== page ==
GL: Yeah, I guess. Mitchell Cypress had a dream and I did a painting for him. It was a big one and it used to be behind his desk in his office when he was in there, with him up on a horse riding up to the clouds. He had a dream – you see his wife had died in his arms years ago and he had dreams about her. He said whenever he went out to check his cattle, he would make a little campfire, heat up some coffee and take a nap. He said he always dreamed the same dream: He would be on an Appaloosa horse going on up in the clouds and she is waiting on him up there on her horse – a paint horse – and an eagle was bringing up his black hat … and Mitchell said a medicine man told him if he could see all that at one time it wouldn’t be bothering him. It wasn’t bothering him; it was just the fact that it happened over and over and over that got him wondering. So I did the picture and he said, ‘That was it, that was it.’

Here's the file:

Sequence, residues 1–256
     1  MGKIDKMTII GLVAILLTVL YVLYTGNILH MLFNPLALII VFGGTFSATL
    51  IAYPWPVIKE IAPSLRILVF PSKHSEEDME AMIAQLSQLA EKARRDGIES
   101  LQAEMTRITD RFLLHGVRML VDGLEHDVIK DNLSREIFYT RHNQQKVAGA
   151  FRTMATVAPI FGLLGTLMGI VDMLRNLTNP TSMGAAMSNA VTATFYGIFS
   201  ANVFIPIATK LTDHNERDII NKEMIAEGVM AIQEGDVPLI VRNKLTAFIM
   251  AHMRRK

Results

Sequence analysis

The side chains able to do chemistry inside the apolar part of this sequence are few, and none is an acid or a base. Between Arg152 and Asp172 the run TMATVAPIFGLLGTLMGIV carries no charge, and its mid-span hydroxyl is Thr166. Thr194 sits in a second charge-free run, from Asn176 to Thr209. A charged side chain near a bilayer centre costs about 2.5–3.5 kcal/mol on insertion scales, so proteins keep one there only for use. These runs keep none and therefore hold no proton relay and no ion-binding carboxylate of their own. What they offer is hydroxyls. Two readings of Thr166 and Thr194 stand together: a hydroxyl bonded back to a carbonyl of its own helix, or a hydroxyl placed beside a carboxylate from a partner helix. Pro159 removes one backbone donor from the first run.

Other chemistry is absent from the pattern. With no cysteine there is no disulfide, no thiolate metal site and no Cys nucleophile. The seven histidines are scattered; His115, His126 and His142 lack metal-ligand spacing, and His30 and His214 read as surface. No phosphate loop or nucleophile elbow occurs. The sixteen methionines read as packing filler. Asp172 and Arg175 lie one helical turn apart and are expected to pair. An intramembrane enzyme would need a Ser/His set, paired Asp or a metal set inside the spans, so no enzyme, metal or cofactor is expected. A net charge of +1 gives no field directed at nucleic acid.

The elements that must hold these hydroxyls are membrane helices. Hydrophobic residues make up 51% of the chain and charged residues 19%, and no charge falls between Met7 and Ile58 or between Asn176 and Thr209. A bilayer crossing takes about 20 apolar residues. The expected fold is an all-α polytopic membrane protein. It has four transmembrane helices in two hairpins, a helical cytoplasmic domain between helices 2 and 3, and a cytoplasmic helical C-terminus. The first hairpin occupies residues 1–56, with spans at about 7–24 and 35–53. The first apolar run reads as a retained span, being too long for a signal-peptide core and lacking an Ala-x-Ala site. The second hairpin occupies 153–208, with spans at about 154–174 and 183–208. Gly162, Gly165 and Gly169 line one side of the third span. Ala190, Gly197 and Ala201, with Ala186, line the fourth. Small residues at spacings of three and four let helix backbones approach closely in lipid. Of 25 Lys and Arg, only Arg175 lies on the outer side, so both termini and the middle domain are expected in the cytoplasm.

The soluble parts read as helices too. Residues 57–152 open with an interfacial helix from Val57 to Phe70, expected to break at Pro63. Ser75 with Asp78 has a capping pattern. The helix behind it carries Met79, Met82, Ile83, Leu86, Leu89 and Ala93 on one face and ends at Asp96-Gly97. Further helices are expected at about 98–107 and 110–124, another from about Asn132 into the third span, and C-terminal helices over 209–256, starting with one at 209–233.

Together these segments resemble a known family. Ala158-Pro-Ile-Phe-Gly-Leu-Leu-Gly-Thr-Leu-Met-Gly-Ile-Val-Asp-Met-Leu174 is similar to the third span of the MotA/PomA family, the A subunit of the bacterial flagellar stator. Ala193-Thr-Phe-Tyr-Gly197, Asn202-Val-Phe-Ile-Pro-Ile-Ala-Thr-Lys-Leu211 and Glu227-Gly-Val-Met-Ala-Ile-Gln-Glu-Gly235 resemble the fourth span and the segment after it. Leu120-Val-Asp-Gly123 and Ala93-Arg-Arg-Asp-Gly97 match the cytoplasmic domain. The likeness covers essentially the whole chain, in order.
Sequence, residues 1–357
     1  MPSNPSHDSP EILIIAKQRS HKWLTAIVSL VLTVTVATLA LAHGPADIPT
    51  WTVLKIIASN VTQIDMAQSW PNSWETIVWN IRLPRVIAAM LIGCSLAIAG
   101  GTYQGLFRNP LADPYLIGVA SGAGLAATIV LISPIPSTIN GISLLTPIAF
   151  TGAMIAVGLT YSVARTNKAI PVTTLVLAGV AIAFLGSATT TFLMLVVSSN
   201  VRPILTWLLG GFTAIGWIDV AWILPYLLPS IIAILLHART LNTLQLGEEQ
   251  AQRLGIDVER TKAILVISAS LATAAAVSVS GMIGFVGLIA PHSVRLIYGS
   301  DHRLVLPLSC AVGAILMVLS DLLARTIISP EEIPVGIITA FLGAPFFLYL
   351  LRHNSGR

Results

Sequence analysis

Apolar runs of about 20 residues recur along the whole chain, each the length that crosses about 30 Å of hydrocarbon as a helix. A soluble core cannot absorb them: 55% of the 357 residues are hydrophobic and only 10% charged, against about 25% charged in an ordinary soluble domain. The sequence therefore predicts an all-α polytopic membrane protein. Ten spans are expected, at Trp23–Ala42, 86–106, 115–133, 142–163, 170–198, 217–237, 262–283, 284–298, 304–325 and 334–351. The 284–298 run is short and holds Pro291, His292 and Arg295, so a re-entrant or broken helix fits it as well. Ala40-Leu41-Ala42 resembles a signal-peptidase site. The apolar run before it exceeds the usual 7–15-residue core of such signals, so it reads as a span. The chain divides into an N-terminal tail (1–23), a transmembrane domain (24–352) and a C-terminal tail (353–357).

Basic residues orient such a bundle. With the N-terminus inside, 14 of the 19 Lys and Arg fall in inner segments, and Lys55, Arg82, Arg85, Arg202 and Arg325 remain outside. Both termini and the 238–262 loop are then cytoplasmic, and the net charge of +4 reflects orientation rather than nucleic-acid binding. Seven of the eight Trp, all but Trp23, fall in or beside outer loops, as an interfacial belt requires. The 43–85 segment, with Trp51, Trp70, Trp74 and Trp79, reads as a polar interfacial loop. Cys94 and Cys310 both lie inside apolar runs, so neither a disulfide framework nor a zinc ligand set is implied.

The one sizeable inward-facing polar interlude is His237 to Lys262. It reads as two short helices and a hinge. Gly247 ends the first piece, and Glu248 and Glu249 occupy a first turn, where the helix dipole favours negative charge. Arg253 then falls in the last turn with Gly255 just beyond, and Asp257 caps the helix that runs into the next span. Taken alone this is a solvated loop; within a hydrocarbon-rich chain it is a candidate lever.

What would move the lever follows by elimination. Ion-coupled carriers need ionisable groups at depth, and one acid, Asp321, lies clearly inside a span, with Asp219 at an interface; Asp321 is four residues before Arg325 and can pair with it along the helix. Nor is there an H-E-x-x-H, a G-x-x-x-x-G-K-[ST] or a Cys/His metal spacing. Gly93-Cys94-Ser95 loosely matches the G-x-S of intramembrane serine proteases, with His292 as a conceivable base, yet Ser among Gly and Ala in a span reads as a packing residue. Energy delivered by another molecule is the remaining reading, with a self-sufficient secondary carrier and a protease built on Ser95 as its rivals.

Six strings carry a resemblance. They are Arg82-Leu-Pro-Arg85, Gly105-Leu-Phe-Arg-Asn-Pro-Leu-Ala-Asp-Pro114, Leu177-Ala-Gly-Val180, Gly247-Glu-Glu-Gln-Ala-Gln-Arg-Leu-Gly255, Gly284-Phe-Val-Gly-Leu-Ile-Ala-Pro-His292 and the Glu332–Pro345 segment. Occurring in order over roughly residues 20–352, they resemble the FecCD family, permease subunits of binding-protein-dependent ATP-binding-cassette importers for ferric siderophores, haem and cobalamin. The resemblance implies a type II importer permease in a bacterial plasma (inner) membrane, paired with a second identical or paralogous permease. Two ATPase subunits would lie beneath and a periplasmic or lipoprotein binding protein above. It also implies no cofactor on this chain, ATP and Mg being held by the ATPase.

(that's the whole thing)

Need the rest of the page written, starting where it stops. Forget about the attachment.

Then later, his one daughter died and he had me paint her in there. So I asked him what kind of horse did she ride? I might as well have all the horses right. And, in the dream, she wore the buckskin. And a year or two later his other daughter died so he called me and said I need you to put another one in. She had a black horse.
PG: So you kept adding to the same painting?
GL: Yes, over the years. Then he called again just as we’re getting ready to go out to, what do they call it, the Big Cypress Arts and Crafts Festival, and I said I would see him out there. He told me, ‘I got one more to put in the picture.’ I told him, ‘Mitchell, you keep on like this and you aren’t going to have any more family left.’ He says, ‘No, no, this one is a new one.’ He had a little baby. So he wanted the baby in there. So I got him laying in there.